That All May Flourish

Comparative Religious Environmental Ethics

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Editor(s): 
Laura Hartman
  • Oxford, England: 
    Oxford University Press
    , June
     2018.
     344 pages.
     $35.00.
     Paperback.
    ISBN
    9780190456030.
     For other formats: Link to Publisher's Website.

Review

Laura M. Hartman’s That All May Flourish: Comparative Religious Environmental Ethics is both a substantive work of comparative ethics, and a meaningful contribution to the emerging field of environmental humanities. Its separate chapters are wide ranging, yet create a cohesive overall collection—a challenging feat in an edited work. Because of its comparative focus, and because each chapter is ultimately self-contained, it could teach well in a classroom context; some chapters are more technical, but many chapters would be accessible at undergraduate levels, and the cross-cultural chapters in particular would spark fruitful classroom discussions.

There are two particularly praiseworthy aspects of the design of the volume as a whole. First, the volume’s contributions cover a wide span of religious traditions, while nevertheless avoiding simple tradition-tokenism. For instance, the book includes chapters on both African indigenous and African Islamic contexts, in addition to a chapter on the eco-halal movement. Moreover, in offering a wide span of traditions, it is commendable that the chapter’s less globally dominant traditions are not forced to bend their remarks entirely to Euro-American or Christian concerns and categories.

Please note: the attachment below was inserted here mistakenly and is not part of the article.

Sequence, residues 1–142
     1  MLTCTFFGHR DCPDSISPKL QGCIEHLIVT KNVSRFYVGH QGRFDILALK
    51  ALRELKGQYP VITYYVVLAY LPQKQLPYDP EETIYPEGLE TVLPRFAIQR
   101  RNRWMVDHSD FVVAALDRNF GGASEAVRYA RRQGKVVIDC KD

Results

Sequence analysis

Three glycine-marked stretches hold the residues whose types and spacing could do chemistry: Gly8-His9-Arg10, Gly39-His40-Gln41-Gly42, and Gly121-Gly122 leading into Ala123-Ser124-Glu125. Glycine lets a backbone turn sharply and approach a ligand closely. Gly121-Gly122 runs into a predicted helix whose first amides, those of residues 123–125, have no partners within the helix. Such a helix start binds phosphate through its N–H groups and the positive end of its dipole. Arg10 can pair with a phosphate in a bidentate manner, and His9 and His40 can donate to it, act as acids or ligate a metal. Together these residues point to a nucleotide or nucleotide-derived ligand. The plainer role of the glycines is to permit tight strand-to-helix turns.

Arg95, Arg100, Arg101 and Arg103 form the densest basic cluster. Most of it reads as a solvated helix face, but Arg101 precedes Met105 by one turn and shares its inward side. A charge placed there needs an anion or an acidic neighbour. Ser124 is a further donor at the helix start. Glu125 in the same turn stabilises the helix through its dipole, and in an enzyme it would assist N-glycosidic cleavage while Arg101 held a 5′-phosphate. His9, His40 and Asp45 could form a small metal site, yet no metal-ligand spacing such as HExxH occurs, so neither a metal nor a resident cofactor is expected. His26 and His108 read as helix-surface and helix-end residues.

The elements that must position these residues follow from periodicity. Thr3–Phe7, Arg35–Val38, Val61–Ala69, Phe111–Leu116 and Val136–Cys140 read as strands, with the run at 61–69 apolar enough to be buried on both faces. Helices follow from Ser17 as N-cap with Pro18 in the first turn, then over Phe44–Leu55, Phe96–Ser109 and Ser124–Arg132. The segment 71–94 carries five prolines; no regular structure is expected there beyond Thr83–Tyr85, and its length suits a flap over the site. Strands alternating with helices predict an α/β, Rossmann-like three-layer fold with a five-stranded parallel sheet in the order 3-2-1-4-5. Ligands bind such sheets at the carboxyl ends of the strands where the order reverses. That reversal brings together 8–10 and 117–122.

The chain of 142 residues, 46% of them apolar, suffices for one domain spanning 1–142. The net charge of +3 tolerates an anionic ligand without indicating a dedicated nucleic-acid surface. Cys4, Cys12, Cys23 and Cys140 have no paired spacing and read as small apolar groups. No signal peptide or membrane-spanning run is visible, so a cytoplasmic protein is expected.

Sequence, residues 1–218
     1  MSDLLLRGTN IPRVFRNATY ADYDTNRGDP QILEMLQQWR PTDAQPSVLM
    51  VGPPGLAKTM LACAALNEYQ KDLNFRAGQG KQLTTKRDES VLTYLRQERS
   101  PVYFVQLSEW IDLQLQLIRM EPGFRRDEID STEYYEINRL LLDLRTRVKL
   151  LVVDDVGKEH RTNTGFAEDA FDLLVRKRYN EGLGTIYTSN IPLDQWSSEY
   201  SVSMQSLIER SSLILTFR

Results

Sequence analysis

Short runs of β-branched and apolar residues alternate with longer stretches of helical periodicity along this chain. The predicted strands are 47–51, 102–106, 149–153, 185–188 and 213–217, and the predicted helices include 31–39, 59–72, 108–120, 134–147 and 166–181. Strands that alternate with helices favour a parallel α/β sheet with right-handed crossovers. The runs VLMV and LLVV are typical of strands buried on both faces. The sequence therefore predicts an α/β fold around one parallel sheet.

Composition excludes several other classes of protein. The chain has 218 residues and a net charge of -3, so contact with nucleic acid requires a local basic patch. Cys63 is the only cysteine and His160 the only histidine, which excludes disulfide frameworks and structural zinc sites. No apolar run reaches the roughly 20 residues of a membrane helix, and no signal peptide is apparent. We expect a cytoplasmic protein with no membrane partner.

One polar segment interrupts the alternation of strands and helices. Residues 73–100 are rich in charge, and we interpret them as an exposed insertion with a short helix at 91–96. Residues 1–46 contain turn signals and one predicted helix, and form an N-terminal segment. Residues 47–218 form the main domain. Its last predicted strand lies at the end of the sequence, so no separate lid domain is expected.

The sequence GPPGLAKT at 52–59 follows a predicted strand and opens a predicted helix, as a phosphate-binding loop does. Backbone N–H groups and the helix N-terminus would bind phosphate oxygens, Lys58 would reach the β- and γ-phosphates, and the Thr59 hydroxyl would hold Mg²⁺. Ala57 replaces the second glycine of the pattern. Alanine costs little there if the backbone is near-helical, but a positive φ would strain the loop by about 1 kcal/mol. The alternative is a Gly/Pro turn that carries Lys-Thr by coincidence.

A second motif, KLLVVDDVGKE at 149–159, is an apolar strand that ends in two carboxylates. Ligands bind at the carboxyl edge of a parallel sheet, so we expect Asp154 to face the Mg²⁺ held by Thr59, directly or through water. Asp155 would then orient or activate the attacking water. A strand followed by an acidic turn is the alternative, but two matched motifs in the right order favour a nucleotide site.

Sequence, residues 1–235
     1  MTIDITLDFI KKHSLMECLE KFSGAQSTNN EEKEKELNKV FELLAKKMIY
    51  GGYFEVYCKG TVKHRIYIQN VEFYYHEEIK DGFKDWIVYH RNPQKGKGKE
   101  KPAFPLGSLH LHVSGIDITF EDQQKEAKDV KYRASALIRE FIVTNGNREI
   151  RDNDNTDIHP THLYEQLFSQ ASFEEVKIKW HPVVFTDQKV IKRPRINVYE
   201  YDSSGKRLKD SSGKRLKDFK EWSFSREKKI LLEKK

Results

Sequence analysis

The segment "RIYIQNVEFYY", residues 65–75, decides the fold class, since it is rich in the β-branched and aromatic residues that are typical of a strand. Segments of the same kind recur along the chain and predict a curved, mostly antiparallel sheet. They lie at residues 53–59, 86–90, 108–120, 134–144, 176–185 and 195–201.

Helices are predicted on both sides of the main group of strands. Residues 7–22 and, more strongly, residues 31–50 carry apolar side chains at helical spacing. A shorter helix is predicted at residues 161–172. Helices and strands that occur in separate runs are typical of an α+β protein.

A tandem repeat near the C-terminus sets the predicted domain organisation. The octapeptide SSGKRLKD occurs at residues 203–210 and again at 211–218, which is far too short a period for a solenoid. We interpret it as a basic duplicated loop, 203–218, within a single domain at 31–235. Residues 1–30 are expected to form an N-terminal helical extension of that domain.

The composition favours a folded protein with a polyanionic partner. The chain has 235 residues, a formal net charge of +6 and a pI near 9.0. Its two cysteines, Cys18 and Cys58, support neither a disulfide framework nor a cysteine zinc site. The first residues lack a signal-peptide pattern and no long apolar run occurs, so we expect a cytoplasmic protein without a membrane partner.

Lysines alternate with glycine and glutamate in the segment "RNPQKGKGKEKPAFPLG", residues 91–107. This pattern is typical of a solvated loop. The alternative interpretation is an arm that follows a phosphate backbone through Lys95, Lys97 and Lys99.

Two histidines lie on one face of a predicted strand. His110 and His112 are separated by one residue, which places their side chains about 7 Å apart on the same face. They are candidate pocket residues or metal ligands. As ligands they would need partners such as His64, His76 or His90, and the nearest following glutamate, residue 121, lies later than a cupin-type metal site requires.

With the exception of the first chapter (where the volume’s only analysis of Buddhism vies for space with extended discussions of Aristotle and Darwin), the chapters analyzing non-Christian and non-Euro-American traditions effectively center the ideas, texts, practices, and/or lived experiences of the traditions they write about, allowing the book to achieve a meaningfully diverse and substantively comparative perspective.

The second impressive aspect of the volume’s overall design is its innovative inclusion of “dialogues.” The body chapters are all sorted into pairs; each pairing is given a section, comprised of the two chapters themselves and then some kind of conversation between the authors of the two chapters. These range from transcripts of actual conversations to coauthored analyses of the chapters’ common themes.

Through this structure, the volume is able to perform better comparative work: rather than simply put essays side by side and allow the reader to make connections, the volume presents the authors synthesizing ideas and challenging each other. The book thus captures some of the social/collaborative/collective thinking which is critical to academic work but is usually relegated to conferences or personal emails and scrubbed from published volumes.